Pete and I just spent a fabulous week in a lovely cabin in the Black Hills of South Dakota. Our aim was to stop, reflect, relax, and refresh. Some days we played tourist, enjoying the scenic drives, wildlife, and golden aspen and cottonwoods. Other days we hung around the cabin, reading, talking, and praying. After a crazy year that included moving both our home and Pete’s ministry office, it was just what we needed.
I had a stack of books to read, and managed to make it through several of them. They were all excellent, but if I could pick one to recommend most highly, it would have to be Good or God: Why Good without God Isn’t Enough, by John Bevere.
I’ll give you fair warning. All of Bevere’s books are very good and worth reading. He has the gift of exhortation, and always manages to hit his readers right between the eyes. I always end up on my knees after reading one of his books. But even with that track record, Good or God may be the most significant book he’s ever written. It’s clearly God’s message for today’s American church.
Bevere starts by pointing out something in Genesis that I’d never really noticed before. He writes:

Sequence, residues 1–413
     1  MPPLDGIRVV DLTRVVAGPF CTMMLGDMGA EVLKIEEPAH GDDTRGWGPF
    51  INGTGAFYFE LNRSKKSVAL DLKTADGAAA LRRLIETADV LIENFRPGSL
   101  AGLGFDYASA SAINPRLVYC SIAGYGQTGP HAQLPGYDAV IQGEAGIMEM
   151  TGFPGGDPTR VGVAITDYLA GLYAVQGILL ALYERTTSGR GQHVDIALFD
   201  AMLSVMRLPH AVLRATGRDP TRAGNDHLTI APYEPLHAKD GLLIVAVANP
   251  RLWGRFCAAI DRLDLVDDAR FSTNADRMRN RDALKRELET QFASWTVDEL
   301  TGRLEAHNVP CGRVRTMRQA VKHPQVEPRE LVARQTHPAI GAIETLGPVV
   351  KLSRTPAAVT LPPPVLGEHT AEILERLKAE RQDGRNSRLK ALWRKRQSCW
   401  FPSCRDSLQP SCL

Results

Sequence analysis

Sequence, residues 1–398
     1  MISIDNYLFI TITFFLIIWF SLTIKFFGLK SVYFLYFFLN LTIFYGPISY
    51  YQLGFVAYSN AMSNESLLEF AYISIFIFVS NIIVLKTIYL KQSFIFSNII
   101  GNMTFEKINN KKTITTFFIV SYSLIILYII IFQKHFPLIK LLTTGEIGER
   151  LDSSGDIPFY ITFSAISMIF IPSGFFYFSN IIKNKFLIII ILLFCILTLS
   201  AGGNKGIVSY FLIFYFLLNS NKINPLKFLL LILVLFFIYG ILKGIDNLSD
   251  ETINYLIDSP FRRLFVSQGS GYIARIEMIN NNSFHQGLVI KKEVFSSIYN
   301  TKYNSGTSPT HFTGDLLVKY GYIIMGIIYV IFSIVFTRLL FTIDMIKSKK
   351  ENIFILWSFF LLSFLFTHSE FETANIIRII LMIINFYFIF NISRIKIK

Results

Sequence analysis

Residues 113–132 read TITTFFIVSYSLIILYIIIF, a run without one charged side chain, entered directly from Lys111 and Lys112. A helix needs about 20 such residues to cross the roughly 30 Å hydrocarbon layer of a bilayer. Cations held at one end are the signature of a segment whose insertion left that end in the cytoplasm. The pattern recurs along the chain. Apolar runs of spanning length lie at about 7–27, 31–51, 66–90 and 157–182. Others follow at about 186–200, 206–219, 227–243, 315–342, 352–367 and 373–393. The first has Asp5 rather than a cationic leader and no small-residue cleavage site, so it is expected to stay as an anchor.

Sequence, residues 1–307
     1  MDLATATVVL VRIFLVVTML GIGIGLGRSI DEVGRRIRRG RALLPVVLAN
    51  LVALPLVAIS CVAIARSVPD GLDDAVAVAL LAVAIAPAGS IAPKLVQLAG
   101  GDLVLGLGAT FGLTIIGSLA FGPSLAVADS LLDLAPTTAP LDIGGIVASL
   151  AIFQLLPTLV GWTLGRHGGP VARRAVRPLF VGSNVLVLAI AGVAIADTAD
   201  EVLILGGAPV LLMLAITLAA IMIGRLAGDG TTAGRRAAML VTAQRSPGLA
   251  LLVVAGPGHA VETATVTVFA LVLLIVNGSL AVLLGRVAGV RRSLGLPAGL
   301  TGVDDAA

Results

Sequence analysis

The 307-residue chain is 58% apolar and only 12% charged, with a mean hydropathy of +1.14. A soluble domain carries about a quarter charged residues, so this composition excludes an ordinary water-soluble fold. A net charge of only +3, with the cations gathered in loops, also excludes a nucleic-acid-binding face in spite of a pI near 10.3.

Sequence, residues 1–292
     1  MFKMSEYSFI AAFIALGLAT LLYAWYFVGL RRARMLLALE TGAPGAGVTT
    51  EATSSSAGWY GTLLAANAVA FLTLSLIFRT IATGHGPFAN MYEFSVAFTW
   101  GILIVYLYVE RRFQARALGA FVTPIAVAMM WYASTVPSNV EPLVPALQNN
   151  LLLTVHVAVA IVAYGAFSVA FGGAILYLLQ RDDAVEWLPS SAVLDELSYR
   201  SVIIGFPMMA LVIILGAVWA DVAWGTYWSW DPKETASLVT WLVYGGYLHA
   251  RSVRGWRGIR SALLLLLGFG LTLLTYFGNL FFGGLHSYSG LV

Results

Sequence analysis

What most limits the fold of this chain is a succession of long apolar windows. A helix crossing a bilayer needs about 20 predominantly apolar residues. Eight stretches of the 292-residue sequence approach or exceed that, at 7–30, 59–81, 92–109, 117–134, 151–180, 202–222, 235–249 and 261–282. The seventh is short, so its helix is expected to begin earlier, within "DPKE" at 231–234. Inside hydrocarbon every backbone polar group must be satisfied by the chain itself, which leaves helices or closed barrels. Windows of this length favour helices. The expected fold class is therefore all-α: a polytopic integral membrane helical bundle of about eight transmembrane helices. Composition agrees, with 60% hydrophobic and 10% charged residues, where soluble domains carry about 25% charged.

Then I heard to Spirit of God say, “Son, it wasn’t the evil side of the tree of the knowledge of good and evil that Eve was drawn to. It was the good side.” … After a few moments I opened my Bible to Genesis 3 to confirm what I’d just heard. Sure enough, I read:
When the woman saw that the tree was good for food, that it was pleasant to the eyes, and a tree desirable to make one wise, she took of its fruit and ate. (Genesis 3:6)
I saw the words good, pleasant, and desirable and my jaw dropped. Then I heard the Spirit of God say, “There is a good that is not of Me. It is not submitted to Me.”
… The Word of God had exposed and corrected me. My standard of good was apparently different from the divine standard of good.
He then goes on to cite verse after verse all warning us that “There is a way that seems right to a man, but its end is the way of death.” (Proverbs 14:12)
I don’t know about you, but at this point I was desperate to know how to discern good and evil from God’s point of view. The rest of the book is devoted to answering this essential question.
Bevere exhorts us to listen to and obey the Holy Spirit. He asks, “Is God really your Lord, or just your Savior?” Have we truly put God in charge of our lives—our beliefs, our opinions, our actions? Is our aim comfort and pleasure, or holiness? And is our submission and obedience motivated by a sense of duty, or by a passionate love for God? I guarantee he will make you squirm. However, I’d rather be corrected than to live my life outside of God’s will.
As he draws illustrations from contemporary issues, both in the news and in our churches, Bevere points out the many ways in which we have been deceived into believing lies the world is telling us, instead of going to Scripture to learn what God has to say. This book is a vital challenge to the church to wake up and believe God, not relying on our own understanding, before it’s too late.
Please read it. Now.